Do you know a farmer? No? Well, you’re not alone. Research shows we’ve never been more disconnected from the people who grow our food. Less than 1.5% percent of the nation lives or works on a farm, the majority of us are several generations removed from first-hand farming experience. Farmer marketing pioneer and author Michele Payn-Knoper suggests it’s easier than ever to connect with a farmer.
According to a recent survey by the U.S. Farmers & Ranchers Alliance, “three in five Americans would like to know more about how food is grown and raised, but don’t feel they have the time or money to prioritize,” said Payn-Knoper, author of the recently released book No More Food Fights! Growing a Productive Farm & Food Conversation. “But in reality, technology can help fill the chasm between farmer and foodie.”
As the growing season begins, Payn-Knoper offers five ways to spend just 15 minutes a week on average engaging with farmers:
Find them on Facebook
“Farmers are just as prolific online as the population in general, and many are active on Facebook. Like their pages, ask them questions and share your thoughts. They want to hear from you,” Payn-Knoper said.
Read and comment on their blogs or websites
“Similarly, farmers have active websites or blogs they frequently update. Many offer opportunities for comments.”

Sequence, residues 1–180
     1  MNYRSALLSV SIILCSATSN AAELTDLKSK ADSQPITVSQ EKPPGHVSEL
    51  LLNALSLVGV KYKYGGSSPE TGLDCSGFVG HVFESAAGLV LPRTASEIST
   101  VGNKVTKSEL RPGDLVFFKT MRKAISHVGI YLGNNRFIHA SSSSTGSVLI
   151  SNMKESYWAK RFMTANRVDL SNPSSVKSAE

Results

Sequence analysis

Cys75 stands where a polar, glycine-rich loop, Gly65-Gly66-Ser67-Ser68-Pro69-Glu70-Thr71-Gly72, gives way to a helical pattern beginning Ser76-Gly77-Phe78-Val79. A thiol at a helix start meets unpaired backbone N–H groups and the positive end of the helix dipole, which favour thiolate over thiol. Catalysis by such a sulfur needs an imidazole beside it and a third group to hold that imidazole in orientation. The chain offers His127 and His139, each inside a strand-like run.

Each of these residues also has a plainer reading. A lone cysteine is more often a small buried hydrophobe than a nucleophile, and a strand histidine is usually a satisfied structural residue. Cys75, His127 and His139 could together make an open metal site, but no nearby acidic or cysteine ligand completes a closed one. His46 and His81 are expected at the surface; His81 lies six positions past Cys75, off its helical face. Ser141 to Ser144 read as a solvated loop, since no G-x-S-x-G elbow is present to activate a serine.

“Farmers also are on Twitter and frequently engage in tweet-ups with each other or consumers.” Twitter groups like @foodchat and @agchat facilitate the conversation.
Plan a visit with three types of farms
“Farmers increasingly offer on-site tours. Check their websites and take every opportunity you can. But, mix it up. Visit a small farm, big farm, produce farm, dairy farm, or ranch.”
Visit a farmers’ market during off-peak hours
“The proliferation of farmers’ markets makes it easier than ever to literally reach across the table to shake the hand that feeds us. But, plan your visit for either the beginning or end of the market – when farmers have the most time to talk one-on-one.”
No More Food Fights! is the first-ever book to speak to all sides of the food movement. One of North America’s leading farm and food advocates, Payn-Knoper wrote the book after continuously witnessing the growing divide between farmers and eaters that she believes is causing confusion in the grocery aisles and placing the future of farming at risk.
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